Do Catholic colleges and universities live up to the Gospel imperative for social justice?
In the Fall 2012 semester, 77 percent of 191 Catholic colleges and universities enrolled freshman classes with 25 percent or higher proportion of Pell grant students, a marker for acute student financial need. (Data from IPEDS, the federal data system for higher education.) Moreover, nearly one-quarter of Catholic colleges had freshman classes with more than 50 percent Pell grantees.
Such a broad-based commitment of Catholic higher education to the education of low income students belies a recent Hechinger Report story, also carried in Time magazine online, that declared in its headline that, “Catholic colleges tell poor students: Go somewhere else.”
What caused this disconnect? While the story reported that “Some Catholic institutions do succeed at keeping down costs for students with family earnings low enough to qualify for federal Pell grants — generally, $30,000 a year or less,” it included a table of schools that don’t, and was specific about them, by name: 10 Catholic institutions, including The Catholic University of America, Notre Dame, Villanova and several Jesuit schools appeared on the list.
Let those institutions defend themselves.
But as I show here, looking at just these 10 schools is a disservice to the real social justice commitments of the majority of Catholic colleges and universities.
With 85 percent of the first year class eligible to receive Pell Grants, and a median family income for those first years of just about $25,000, Trinity Washington University (historically, Trinity College) is emblematic of the commitment to social justice found among scores of Catholic colleges, a list dominated by schools founded by religious orders of women. The nuns who established more than 100 Catholic colleges in the 19th and 20th centuries believed deeply in the power of a higher education to achieve social justice. In many cases, the sisters acted in response to discrimination against women. When the Sisters of Notre Dame de Namur founded Trinity College in Washington in 1897 because Catholic University refused admission to women at that time, the Archbishop of Washington Cardinal James Gibbons wrote to thank them for relieving the Church of the “embarrassment” of denying women access to higher education.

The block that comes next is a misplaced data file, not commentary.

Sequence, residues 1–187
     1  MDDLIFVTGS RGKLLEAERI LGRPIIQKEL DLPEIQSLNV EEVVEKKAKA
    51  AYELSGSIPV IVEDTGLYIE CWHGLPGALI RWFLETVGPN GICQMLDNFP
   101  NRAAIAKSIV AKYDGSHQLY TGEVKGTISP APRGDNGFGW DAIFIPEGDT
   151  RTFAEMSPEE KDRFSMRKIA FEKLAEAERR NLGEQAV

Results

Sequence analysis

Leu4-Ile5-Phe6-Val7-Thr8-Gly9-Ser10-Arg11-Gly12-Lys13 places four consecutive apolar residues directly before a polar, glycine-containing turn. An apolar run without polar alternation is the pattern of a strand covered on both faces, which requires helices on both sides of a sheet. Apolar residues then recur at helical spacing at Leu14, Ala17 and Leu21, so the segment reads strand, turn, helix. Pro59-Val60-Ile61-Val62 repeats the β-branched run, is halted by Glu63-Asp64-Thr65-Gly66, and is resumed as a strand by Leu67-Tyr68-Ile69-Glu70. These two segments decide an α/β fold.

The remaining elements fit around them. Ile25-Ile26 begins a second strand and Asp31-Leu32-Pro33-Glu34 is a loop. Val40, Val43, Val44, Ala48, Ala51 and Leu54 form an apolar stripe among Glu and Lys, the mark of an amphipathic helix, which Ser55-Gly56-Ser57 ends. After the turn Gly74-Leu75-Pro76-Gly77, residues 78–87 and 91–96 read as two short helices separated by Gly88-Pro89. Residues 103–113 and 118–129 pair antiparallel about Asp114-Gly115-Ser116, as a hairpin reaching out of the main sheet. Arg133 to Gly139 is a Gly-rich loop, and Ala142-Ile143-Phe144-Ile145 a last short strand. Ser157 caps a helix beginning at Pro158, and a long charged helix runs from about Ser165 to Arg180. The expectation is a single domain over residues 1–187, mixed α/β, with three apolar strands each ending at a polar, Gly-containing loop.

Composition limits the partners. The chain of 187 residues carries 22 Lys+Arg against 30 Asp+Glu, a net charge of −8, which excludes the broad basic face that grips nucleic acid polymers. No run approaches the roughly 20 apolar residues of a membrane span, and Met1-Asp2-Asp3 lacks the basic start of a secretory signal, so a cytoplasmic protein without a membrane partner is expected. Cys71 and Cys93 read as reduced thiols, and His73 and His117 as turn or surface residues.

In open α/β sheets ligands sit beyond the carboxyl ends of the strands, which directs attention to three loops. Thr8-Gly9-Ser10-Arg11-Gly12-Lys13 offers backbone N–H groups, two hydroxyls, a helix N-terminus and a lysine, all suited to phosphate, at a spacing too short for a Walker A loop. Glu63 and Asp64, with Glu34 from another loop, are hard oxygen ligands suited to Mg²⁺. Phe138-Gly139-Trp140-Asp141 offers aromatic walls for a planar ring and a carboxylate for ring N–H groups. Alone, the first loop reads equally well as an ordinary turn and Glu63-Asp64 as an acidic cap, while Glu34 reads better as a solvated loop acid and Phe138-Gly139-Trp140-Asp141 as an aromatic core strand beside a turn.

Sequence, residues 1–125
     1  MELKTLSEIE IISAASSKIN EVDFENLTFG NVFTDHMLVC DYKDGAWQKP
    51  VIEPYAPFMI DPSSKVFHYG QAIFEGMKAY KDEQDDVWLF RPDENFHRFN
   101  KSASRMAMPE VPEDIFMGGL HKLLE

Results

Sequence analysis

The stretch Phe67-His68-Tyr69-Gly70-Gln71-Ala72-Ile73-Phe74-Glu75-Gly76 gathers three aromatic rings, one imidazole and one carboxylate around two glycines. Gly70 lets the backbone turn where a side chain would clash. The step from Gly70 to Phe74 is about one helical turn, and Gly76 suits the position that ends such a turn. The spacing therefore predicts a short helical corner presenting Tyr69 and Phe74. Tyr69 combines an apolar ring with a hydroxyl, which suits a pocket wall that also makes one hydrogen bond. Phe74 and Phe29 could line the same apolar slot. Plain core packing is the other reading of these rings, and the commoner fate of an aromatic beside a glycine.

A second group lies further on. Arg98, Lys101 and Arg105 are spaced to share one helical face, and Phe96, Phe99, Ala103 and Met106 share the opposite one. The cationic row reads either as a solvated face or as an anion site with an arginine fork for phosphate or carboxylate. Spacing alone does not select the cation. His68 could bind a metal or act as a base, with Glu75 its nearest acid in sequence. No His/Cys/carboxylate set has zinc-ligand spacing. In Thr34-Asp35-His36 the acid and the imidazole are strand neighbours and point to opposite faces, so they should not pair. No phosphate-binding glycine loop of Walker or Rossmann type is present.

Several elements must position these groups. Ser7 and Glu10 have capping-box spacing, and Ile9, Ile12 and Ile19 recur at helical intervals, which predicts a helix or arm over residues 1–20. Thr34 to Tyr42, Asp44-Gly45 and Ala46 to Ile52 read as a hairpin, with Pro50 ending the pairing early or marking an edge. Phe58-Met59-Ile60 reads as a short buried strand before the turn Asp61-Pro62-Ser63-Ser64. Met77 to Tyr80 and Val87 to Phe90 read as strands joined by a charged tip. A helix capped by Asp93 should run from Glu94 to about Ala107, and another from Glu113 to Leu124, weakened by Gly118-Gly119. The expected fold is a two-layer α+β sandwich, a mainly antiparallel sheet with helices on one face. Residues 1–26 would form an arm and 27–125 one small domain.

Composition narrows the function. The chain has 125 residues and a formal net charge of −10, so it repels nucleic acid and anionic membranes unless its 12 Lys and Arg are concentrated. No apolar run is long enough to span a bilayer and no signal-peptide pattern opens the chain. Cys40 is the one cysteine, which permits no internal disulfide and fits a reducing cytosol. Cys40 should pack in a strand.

Trinity today continues to demolish barriers that inhibit access to higher education for marginalized students. Today’s barriers are money, family responsibilities, poor preparatory education and the discouraging effects of chronic discrimination. Trinity joins colleges like New Rochelle in New York, Ursuline in Cleveland, Alverno in Milwaukee, Marygrove in Detroit and Mount St. Mary’s in Los Angeles that have become essential institutions serving low income students in their cities.
More than 95 percent of Trinity’s 2,300 students today are African American, Latina and recent immigrants. Trinity’s full-time tuition of $21,950 is relatively low compared with the $30,000-plus pricetags of other private universities in Washington, but Trinity students have great need. Trinity discounts tuition for all students by an average of 40 percent; the total volume of Trinity institutional aid is more than $9 million, a significant sum for a university with an operating budget of less than $40 million and an endowment of just about $13 million.
More than half of Trinity’s students are residents of the District of Columbia; Trinity educates more D.C. residents than any private university in the nation, and Trinity’s percentage of Pell grantees is higher than that of the University of the District of Columbia. Trinity works in partnership with philanthropists who provide millions in outside scholarships to supplement Trinity’s own grants. Trinity also provides scholarships for Dreamers, undocumented students who also receive supplemental support through an outside scholarship program. Federal net price calculations exclude these outside scholarships, making the net price data unreliable as a measure of the students’ final bills.
Through the School of Professional Studies, Trinity provides extensive support for hundreds of part-time adult students striving to change their lives. Trinity is the only university in D.C. that offers a degree program east of the Anacostia River in one of the poorest neighborhoods of the city. The federal data system does not capture data on these part-time adult students for whom coming back to school translates into better jobs and improved economic security for their families.
One of the great strengths of American higher education is its diversity, and Catholic higher education shares this virtue. The Catholic sector includes great research universities, distinguished women’s colleges, a great historically Black university (Xavier of Louisiana), schools with mission charisms from diverse of religious orders, and institutions with deep commitments to serve low income students from local neighborhoods. A few factoids from the federal data system can hardly describe with any sense of fairness the good work done by the vast range of institutions in this sector. Using isolated data points taken out of context for a few universities to label an entire sector as failing distorts the truth about the real service of Catholic higher education to some of the most marginalized students in our nation.
Patricia McGuire is the president of Trinity Washington University.